Factors like your activity levels, quality of your diet, how many calories you're consuming and other lifestyle factors can all be considered epigenetic influences. This means that although there's no specific food for hips enlargement, your dietary choices and caloric intake can both play a role in your hips size.
As you would expect, processed foods, junk foods and other fat-rich products can contribute to weight gain. However, there's no guarantee that these foods will go straight to your hips and bum.
In fact, unless you're underweight, increasing your body fat is generally considered to be bad for your health. Consuming larger amounts of such products is can be detrimental due to the unhealthy trans fats and saturated fats you'd likely be ingesting.
You should be aware of the fact that epigenetic changes aren't limited to you, personally. These gene modifications may have affected one of your parents or grandparents. Basically, this means that epigenetic changes can potentially be inherited.
However, by the same token, keep in mind that regular exercise and sports can also act as epigenetic influences. If you're unhappy with your body fat distribution, you may be best off incorporating specific exercises into your day-to-day routine rather than trying to consume specific foods for hips enlargement.
Health Benefits of Larger Hips
Hourglass and pear-shaped body types are certainly popular for aesthetic reasons, but they also have health benefits. This is specifically due to the type of fat cells in the gluteofemoral part of your body.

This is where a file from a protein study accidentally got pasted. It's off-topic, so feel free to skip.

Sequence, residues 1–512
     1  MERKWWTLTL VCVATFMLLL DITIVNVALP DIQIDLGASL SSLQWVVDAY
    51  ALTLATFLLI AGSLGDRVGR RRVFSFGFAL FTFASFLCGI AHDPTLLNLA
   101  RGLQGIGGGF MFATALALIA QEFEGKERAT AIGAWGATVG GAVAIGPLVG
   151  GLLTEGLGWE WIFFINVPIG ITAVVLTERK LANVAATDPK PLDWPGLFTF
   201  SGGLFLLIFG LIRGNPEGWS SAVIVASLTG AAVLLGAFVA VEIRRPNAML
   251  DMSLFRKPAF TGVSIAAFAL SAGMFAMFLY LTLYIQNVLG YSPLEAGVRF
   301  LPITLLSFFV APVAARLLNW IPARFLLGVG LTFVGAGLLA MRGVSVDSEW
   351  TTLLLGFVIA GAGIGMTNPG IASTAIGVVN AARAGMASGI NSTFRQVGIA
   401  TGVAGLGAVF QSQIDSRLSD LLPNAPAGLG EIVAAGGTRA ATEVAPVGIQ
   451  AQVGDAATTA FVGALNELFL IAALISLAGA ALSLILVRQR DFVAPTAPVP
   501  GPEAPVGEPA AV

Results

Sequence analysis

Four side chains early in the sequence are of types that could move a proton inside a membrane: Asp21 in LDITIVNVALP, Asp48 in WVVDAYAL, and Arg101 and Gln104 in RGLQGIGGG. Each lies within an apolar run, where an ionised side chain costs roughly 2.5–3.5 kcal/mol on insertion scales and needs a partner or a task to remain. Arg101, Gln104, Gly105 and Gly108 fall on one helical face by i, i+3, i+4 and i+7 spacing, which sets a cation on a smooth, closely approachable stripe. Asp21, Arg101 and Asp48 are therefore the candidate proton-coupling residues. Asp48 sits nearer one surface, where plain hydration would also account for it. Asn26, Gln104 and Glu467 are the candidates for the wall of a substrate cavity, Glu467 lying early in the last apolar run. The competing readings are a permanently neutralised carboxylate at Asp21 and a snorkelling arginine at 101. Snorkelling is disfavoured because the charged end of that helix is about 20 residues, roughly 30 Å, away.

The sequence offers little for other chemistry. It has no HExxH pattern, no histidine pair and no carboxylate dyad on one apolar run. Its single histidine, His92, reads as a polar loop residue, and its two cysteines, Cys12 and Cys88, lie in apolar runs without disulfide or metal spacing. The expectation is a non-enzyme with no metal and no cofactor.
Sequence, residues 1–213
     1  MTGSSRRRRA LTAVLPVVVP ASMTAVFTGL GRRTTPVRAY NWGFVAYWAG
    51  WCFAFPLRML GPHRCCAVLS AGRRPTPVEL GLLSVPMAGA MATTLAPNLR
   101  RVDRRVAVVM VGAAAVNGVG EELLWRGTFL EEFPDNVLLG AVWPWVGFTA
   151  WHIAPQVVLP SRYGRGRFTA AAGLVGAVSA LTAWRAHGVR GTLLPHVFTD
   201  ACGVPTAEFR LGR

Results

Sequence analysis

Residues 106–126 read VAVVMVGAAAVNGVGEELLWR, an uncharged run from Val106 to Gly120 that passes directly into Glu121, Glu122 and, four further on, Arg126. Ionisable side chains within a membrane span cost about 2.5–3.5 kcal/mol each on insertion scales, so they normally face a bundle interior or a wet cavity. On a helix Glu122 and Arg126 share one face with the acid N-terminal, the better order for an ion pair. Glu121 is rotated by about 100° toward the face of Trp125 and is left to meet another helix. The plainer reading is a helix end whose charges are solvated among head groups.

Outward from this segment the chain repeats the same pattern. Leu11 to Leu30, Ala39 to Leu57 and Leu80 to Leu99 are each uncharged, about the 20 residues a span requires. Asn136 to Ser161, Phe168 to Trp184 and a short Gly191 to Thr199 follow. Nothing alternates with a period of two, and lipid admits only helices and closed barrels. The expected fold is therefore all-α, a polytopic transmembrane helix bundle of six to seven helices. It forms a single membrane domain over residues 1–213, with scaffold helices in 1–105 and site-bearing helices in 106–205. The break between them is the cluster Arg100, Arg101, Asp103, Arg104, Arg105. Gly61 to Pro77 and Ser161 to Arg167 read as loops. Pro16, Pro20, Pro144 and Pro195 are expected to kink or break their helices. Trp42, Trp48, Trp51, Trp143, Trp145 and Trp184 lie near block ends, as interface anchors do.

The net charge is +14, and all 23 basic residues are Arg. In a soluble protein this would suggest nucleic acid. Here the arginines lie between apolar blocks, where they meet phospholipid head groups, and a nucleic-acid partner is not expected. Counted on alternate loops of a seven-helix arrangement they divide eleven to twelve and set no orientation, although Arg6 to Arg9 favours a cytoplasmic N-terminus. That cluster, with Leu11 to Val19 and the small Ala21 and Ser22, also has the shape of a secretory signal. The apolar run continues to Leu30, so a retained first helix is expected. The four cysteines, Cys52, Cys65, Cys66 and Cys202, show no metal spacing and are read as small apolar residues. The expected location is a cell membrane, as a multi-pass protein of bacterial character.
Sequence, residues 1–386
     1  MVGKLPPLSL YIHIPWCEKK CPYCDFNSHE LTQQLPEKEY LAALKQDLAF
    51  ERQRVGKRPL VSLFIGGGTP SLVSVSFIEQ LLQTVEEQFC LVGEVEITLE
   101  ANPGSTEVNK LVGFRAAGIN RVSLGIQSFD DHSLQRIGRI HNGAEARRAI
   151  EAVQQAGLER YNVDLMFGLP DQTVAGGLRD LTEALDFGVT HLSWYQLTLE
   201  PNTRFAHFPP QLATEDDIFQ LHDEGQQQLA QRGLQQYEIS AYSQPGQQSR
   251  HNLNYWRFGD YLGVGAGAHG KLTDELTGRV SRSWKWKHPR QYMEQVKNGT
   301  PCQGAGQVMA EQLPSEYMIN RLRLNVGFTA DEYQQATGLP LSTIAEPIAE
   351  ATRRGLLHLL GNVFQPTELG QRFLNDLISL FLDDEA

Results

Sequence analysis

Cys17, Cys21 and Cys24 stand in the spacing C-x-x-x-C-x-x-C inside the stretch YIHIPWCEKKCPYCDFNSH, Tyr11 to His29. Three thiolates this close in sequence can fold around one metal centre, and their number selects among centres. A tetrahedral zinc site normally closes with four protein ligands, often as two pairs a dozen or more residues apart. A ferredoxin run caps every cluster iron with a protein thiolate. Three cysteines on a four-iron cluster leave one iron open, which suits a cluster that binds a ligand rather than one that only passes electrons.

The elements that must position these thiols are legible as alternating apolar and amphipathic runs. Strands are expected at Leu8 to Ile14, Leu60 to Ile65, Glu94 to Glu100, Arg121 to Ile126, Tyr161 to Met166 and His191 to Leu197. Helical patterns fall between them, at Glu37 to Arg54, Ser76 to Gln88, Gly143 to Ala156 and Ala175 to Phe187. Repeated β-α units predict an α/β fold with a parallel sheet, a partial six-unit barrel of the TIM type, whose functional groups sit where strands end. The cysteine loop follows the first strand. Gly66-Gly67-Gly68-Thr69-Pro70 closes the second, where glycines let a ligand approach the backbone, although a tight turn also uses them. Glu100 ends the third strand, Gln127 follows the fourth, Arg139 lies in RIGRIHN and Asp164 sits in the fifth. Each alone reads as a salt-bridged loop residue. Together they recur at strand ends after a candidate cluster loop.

Harvard Health Publishing states that gluteofemoral fat cells tend to produce beneficial chemicals in your body — specifically leptin and adiponectin. These fat cells are important as they can help remove harmful fatty acids from your bloodstream. Fatty acids come from certain foods you consume.
Other fat cells in your upper body also absorb these unhealthy fatty acids. However, they tend to re-release them back into your bloodstream when you undergo an adrenaline response or experience other types of stress.
Unlike the fat cells in your thighs, hips and buttocks, the fat cells in your upper body are also more likely to produce harmful chemicals. These can produce increased inflammation and other negative responses within your body. Visceral fat, for example, has been linked to a higher risk of obesity, metabolic disorders, insulin resistance and atherosclerosis.
All of this may not sound particularly important for your health. However, body fat in your thighs, hips and buttocks is thought to help reduce your cholesterol and triglyceride levels and improve your insulin sensitivity. Larger amounts of gluteofemoral fat are also associated with a reduced risk of heart disease and less chance of early death.
- Obesity Journal: "Postmenopausal Sex Hormones in Relation to Body Fat Distribution"
- Harvard Health Publishing: "Big Thighs May Be Wise"
- Biology of Sex Differences: "Sex Differences in Human Adipose Tissues – the Biology of Pear Shape"
- National Institutes of Health: "What Is Epigenetics?"
- Aging Cell: "FSH Regulates Fat Accumulation and Redistribution in Aging Through the GαI/ca2+/Creb Pathway"
- Obesity: "Associations of Visceral and Abdominal Subcutaneous Adipose Tissue With Markers of Cardiac and Metabolic Risk in Obese Adults"